Author Topic: Book Review: Warnings Unheeded: Twin Tragedies at Fairchild AFB  (Read 489 times)

Offline Chemsoldier

  • Pot Stirrer
  • Global Moderator
  • Survival Veteran
  • ******
  • Posts: 5728
  • Karma: 544
Book Review: Warnings Unheeded: Twin Tragedies at Fairchild AFB
« on: October 18, 2018, 12:05:35 PM »
Warnings Unheeded: Twin Tragedies at Fairchild AFB by Andy Brown, 378 pages; pictures, diagrams, charts.

In 1994 there was a mass shooting at the Fairchild AFB hospital that killed 5 and injured over 20.  Four days later, a B-52 out of Fairchild crashed while practicing for an air show.  The author, who is the former Air Force security policeman that killed the gunmen, makes a convincing case that both incidents were imminently preventable and should never have occurred.  He also creates an engaging and thought provoking look at leadership, institutions and lessons learned in how we can prevent and prepare for future events.

The book follows several tracks.  The most thorough is that of the shooter, through his troubled youth and air force career.  He was identified as unsuitable for service by mental health professionals in initial entry training and retained anyway.  He was also forced to undergo inpatient assessment after incidents at Fairchild and instead of separation was sent to another base.  Finally he was separated administratively from the Air Force.  Jokes among acquaintances from high school, to initial entry training and his units were that he was a risk for violence.  The psychologist at Fairchild who recommended he be involuntarily committed for assessment was so convinced he was a risk he bought firearms and instructed his wife to shoot him on sight if the airman appeared at their house.  In the end, the psychologist was among the airman’s first victims at the hospital.

The book also follows the security policeman and author, Andy Brown.  Starting with his upbringing and air force career.  His conviction that his on duty training was insufficient and his supplementation with reading, private range time, buying a facsimile of his duty weapon and mental visualization leading up to the shooting.  Airman Brown responded to the shooting call and fired four times at the gunmen from 70 yards with his M9 (Beretta 92) sidearm, hitting the gunmen twice, with the fourth shot killing the gunmen instantly.  It also goes through his perceptions, how he reacted and the aftermath that included long term PTSD, that was poorly understood and treated.  There were a lot of lessons in how to regulate yourself after you have been in an incident and how to help someone who has been in an incident. 

The book also follows the B-52 squadron at LTC Bud Holland, a very skilled but reckless pilot who was long known as performing dangerous maneuvers but never disciplined due to reluctance by leaders to do so and exacerbated by extreme leadership turnover in the unit.  Finally, when unable to get Holland grounded by the Wing Commander, the Squadron commander said that if someone from his squadron had to fly with Holland it would be him.  When Bud Holland stalled the B52 in a sharp bank over Fairchild and crashed, it killed not only him, but the Squadron Commander and the Deputy Wing Commander as well.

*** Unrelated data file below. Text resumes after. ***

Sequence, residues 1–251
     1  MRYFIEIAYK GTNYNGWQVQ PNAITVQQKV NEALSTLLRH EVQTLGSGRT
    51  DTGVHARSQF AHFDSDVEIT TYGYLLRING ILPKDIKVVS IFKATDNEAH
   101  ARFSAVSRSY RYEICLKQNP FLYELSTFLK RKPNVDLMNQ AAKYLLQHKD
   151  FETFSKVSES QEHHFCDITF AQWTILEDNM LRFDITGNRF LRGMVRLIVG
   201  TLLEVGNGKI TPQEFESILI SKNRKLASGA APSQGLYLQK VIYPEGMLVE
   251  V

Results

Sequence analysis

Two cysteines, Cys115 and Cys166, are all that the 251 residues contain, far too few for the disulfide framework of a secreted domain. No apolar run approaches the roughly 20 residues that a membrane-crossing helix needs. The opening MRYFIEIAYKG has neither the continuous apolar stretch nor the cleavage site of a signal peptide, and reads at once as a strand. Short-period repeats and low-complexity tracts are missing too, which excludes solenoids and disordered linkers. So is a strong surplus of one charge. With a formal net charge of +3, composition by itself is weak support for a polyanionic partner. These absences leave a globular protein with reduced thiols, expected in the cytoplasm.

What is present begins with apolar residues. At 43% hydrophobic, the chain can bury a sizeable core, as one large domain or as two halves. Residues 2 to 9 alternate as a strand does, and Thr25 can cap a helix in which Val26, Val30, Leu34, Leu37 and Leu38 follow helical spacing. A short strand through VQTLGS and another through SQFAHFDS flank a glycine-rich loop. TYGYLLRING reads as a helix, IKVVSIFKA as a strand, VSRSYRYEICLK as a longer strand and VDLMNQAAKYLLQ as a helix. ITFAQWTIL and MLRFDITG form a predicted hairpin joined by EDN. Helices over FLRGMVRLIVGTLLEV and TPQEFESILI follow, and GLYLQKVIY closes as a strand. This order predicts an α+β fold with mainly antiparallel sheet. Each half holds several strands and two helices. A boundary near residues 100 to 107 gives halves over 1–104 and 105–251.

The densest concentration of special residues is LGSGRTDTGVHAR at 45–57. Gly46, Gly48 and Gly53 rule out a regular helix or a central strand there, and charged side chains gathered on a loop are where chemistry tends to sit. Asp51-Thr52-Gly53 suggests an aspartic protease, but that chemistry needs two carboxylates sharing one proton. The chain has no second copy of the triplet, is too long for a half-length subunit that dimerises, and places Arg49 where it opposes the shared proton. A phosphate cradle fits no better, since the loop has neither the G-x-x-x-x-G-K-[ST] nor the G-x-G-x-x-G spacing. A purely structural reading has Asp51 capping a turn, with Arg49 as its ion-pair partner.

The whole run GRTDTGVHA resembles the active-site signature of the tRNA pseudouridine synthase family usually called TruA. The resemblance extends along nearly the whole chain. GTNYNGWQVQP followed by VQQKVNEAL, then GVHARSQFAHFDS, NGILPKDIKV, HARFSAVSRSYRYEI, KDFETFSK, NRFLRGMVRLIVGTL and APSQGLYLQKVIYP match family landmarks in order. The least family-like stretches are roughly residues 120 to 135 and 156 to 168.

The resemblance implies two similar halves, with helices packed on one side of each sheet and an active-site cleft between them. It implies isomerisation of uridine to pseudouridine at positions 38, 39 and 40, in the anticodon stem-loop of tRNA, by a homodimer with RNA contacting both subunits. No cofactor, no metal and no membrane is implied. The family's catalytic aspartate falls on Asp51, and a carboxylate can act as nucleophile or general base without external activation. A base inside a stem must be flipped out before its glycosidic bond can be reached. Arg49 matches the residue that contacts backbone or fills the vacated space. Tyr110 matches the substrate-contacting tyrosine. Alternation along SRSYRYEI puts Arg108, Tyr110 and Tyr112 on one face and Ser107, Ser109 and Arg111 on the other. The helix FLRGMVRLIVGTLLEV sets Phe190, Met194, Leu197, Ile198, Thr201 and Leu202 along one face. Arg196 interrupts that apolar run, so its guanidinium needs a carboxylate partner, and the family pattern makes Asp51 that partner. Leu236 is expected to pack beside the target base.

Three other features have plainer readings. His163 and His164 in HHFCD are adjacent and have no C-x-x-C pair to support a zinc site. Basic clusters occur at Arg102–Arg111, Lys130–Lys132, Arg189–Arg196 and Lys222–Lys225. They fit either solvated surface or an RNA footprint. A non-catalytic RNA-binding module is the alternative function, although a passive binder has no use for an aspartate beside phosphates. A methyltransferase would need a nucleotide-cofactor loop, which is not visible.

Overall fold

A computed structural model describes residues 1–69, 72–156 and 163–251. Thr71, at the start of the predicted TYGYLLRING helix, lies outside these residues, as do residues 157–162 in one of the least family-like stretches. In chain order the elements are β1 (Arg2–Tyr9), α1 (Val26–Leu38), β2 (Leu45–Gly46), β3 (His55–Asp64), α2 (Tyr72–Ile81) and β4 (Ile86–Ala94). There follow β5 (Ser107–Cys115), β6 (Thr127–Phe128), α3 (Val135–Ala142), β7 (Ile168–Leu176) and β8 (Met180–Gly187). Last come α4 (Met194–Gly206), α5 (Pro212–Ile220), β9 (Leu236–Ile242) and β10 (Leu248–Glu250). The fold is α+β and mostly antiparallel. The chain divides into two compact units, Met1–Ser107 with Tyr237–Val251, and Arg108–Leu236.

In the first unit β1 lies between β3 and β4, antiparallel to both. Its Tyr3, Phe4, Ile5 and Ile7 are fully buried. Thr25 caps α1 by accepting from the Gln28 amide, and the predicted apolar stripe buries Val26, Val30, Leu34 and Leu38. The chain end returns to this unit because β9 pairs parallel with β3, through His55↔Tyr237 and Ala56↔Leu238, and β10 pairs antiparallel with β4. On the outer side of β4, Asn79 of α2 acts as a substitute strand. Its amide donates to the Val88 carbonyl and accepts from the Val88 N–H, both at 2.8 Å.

The book goes through the shooting very thoroughly, one thing that stood out to me is how rapidly it occurred and how only effective resistance stopped it.  In particular, the shooter backtracked over previously trod ground in two locations in the hospital.  People who survived the initial fusillade and started to assist the wounded were sometimes shot when the shooter came back through.  Also, the response was extremely fast.  Airman Brown was on scene within about 90 seconds of the first radio call from dispatch and had shot the gunmen around two minutes to two and a half minutes.  But things happened very fast, effective resistance must be on scene before the shooting begins.   There were so many heroic acts during the incident, but lack of effective means to resist slowed ending the threat.

It presents a great look at how hard it is to figure out what is going on.  The 911 system kept receiving reports from people that lead to the idea that there were multiple shooters, incorrect reports as to how many suspects, what weapon he had, where the incident was happening, etc.

It is hard to read this book and NOT see lessons learned popping out all over.  Preventing and stopping mass shooters, leadership, the nature of risk, the list of important things to take out of the book is long.

I have heard the author interviewed by Massad Ayoob and had it recommended by both firearms and trauma medicine trainers.

Highly recommend.

Offline Mr. Bill

  • Like a hot cocoa mojito
  • Administrator
  • Forum Veteran
  • *******
  • Posts: 14114
  • Karma: 1851
  • Trained Attack Sheepdog/Troll hunter
    • Website Maintenance and Online Presence Management by Mr. Bill
Re: Book Review: Warnings Unheeded: Twin Tragedies at Fairchild AFB
« Reply #1 on: November 02, 2018, 08:18:19 PM »
My wife read this on your recommendation, and said it was very good.  (She does lots of safety analysis engineering work at Hanford, so she's heavily into disasters. ;D )

Thanks for the book review.

Offline Mintbird

  • Survivor
  • ***
  • Posts: 160
  • Karma: 14
  • Prepping since 2012
Re: Book Review: Warnings Unheeded: Twin Tragedies at Fairchild AFB
« Reply #2 on: November 02, 2018, 10:00:24 PM »
I just ordered. Thanks for the recommendation Chem.

Offline FreeLancer

  • Global Moderator
  • Survival Veteran
  • ******
  • Posts: 5691
  • Karma: 760
Re: Book Review: Warnings Unheeded: Twin Tragedies at Fairchild AFB
« Reply #3 on: November 02, 2018, 10:45:59 PM »
I don’t recall either incident when they happened, but I did stumble onto YouTube video of the B52 crash a few years back and it’s an absolutely unforgettable sight.  Now I need to read the book.